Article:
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'[PIC]:HUMIDITY SENSOR.'
2001\11\01@061241 by moshe

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Hi everyone.
trying to implement humidity sensor type:H1-PHILIPS, to my pic 16F84.
I build a capacitor to frequency converter ( arround the 555 multivibrator),
but the results are poor.
does anyone have any good/new  idea about humidity measuring, application
note etc.??

thank you for advanced.
moses.

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2001\11\01@064026 by Vasile Surducan

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If you need a capacitor meter there are several projects with 16F84
one is at http://www.redrival.com/mcgahee/
Is not the best analogic design for the converter but is very well
documented.
If you like to know various conversions tehniques using operational
amplifiers then search for the book: Operational amplifiers ( tehnique
? ) by Gerald Graeme, senior engineer Burr Brown. It's an old but valuable
book. U/f, i/f, u/period etc
Another capacitor meter is at picmicro webring, do a search.

Vasile

On Thu, 1 Nov 2001, moshe wrote:

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2001\11\01@092138 by Thomas McGahee

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Humidity is probably best measured using a technique that measures
what is called the "relative humidity".

In this method you compare the temperature of a "dry" temperature
sensor and a "wet" temperature sensor.

The "dry" temperature sensor is simply exposed to the air, which
will have a humidity content that we wish to measure. The "wet"
temperature sensor has a piece of gauze around it, and the bottom
end of the gauze resides in a container that supplies water. The
water will wick up the gauze and will provide the equivalent of
100% humidity. The two sensors will report the exact same temperature
only at 100% relative humidity. The lower the relative humidity, the
greater the difference between the two readings.

There are tables available that will tell you what the relative
humidity is across various temperature ranges. A look up table
or a mathematical algorithm can be used to convert the two
temperature readings into a relative humidity reading.

************
If you want to use a sensor that changes capacitance with humidity,
then my capacitance meter project may be useful:
http://www.redrival.com/mcgahee/
You would not need all the switching ranges in your application.

Another useful method is to make a little RF oscillator whose
frequency is a function of the capacitance of the humidity
sensor. You then convert frequency or period into humidity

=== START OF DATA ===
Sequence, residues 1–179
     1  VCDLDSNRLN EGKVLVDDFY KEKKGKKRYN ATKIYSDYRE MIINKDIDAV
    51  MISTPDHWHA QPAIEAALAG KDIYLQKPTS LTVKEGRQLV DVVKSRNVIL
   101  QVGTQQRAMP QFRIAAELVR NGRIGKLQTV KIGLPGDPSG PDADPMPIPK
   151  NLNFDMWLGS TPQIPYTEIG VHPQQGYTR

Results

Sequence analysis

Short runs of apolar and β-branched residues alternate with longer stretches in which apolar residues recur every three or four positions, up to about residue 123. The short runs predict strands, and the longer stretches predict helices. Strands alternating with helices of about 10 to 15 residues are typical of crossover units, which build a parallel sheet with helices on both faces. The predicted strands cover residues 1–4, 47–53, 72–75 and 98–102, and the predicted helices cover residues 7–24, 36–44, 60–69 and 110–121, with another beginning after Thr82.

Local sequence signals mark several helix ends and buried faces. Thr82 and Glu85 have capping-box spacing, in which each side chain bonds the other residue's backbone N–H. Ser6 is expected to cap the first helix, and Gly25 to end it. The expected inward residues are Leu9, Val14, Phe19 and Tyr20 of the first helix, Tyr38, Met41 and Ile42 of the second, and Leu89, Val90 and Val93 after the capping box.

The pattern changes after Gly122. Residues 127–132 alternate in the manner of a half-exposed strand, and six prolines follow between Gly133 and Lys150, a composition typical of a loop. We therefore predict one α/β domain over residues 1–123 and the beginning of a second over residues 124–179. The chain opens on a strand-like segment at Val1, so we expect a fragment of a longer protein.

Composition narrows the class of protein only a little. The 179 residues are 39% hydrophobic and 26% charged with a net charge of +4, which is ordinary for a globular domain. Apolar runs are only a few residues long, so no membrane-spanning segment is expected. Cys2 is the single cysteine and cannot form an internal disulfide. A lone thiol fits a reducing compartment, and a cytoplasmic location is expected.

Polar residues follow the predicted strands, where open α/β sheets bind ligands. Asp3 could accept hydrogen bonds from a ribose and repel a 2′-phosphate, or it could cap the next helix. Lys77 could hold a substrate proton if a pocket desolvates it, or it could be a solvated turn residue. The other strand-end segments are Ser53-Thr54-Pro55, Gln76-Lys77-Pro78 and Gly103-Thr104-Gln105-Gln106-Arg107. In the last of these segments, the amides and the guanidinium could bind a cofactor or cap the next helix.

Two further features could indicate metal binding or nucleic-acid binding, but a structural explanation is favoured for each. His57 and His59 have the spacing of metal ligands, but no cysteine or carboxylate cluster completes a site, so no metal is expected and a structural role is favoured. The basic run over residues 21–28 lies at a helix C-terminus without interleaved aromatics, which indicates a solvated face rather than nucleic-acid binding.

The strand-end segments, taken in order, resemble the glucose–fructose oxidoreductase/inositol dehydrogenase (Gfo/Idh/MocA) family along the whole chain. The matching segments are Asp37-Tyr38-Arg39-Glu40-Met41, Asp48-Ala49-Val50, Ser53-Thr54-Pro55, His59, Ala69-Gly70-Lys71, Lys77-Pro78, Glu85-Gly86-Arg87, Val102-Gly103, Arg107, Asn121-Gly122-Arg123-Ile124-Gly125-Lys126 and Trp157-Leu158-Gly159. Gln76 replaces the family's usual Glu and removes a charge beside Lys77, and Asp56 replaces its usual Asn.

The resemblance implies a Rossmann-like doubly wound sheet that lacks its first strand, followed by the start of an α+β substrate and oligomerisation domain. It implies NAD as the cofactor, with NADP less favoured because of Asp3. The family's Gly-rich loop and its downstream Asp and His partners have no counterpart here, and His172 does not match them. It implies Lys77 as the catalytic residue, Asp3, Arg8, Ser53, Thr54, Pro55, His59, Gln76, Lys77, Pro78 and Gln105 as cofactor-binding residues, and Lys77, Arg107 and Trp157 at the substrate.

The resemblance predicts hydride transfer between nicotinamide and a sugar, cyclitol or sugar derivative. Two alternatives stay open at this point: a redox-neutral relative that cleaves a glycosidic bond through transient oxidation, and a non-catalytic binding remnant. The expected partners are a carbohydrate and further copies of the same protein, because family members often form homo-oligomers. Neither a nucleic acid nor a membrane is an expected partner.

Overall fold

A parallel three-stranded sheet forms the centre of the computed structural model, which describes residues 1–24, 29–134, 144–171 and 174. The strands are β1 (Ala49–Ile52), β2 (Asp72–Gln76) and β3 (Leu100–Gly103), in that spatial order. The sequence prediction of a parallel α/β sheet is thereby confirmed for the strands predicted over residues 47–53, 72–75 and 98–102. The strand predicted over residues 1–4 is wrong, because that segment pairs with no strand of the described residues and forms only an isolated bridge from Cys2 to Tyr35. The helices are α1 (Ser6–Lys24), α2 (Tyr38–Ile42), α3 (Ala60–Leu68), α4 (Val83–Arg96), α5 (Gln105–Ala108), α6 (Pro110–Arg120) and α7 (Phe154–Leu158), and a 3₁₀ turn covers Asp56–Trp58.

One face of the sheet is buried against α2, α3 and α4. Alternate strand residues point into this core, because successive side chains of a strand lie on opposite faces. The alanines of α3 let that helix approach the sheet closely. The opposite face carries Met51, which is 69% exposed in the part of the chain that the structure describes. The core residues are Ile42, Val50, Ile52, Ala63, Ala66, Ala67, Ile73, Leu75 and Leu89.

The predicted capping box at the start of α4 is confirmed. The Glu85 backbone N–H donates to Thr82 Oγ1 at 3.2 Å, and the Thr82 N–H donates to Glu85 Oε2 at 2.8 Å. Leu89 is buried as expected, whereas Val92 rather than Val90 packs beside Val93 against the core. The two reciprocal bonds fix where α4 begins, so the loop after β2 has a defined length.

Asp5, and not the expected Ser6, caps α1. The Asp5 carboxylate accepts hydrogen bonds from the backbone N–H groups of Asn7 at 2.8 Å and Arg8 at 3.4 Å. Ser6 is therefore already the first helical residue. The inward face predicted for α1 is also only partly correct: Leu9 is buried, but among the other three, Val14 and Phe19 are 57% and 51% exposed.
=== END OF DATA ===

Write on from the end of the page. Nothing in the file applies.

by means of a lookup table or mathematical algorithm. You can
often help to stabilize such a setup by including a small
fixed capacitance in parallel with the capacitance to be
measured.

Fr. Thomas McGahee

{Original Message removed}

2001\11\02@035920 by Vasile Surducan

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Dry/wet temperature measurement methode have the disadvantage of
great errors.
The name of the tools using this principle is psychometer, or absorption
psychometer. And the error cames from response time of the wet temperature
sensor and the problem of keeping clean the lithyum-clorure sock on this
sensor. Also if you don't have a fan which continuously absorbe the
unknown air on the sensors your humidity meter will show a false
measurement.

Vasile

On Thu, 1 Nov 2001, Thomas McGahee wrote:

{Quote hidden}

> {Original Message removed}

2001\11\02@101032 by Herbert Graf

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IMHO the worst con about this method is that it's useless below the freezing
point of the liquid being used (usually water). TTYL

> {Original Message removed}

2001\11\02@103109 by Lawrence Lile

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I am using a dry bulb/wet bulb humidity controller on an environmental
chamber now.  I find it to be quite reliable, due to it's simplicity.  But I
have highly accurate thermocouple temperature measureing equipment
available, I have deionized water available to keep the little wet bulb sock
clean, and a permanent fan blowing on the wet bulb.  If these things are not
handy, then dry/wet bulb becomes a messy hassle.  Go with a commercial
sensor if you have any money available at all.

-- Lawrence


{Original Message removed}

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